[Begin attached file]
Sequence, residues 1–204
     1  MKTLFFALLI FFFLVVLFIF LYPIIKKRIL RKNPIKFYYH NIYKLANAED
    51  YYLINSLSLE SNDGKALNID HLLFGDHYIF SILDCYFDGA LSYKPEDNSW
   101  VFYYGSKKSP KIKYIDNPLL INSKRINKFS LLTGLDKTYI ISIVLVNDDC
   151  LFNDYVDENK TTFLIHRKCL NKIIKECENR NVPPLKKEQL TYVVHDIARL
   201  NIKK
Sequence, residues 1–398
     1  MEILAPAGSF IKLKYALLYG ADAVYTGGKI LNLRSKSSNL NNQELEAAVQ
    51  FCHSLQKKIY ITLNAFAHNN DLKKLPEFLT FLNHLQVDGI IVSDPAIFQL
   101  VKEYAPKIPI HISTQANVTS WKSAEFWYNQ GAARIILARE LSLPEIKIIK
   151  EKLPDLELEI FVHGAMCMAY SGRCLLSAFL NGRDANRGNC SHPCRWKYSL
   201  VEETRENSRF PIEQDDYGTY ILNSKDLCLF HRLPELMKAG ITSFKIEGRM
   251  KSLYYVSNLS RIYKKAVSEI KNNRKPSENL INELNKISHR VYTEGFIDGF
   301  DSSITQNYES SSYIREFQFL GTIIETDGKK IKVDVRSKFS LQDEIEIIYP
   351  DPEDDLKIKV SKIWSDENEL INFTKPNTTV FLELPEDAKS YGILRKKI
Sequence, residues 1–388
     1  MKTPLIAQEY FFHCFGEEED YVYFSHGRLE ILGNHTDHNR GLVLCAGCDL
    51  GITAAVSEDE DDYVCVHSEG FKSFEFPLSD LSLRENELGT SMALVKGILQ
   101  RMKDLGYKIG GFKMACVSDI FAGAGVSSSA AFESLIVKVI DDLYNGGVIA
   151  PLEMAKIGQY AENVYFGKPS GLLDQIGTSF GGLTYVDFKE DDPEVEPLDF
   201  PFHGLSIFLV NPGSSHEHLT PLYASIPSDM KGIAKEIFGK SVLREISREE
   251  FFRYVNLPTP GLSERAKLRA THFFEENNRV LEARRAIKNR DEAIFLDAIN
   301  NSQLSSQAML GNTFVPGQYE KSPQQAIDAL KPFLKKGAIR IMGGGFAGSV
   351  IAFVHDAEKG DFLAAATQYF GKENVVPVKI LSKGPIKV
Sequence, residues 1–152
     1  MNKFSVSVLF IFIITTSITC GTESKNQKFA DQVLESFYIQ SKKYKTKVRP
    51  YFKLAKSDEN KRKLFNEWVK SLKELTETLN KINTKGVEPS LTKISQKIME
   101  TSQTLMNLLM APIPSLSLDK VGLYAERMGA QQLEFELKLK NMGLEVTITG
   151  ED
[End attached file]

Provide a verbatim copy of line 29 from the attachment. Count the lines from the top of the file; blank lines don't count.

   151  ED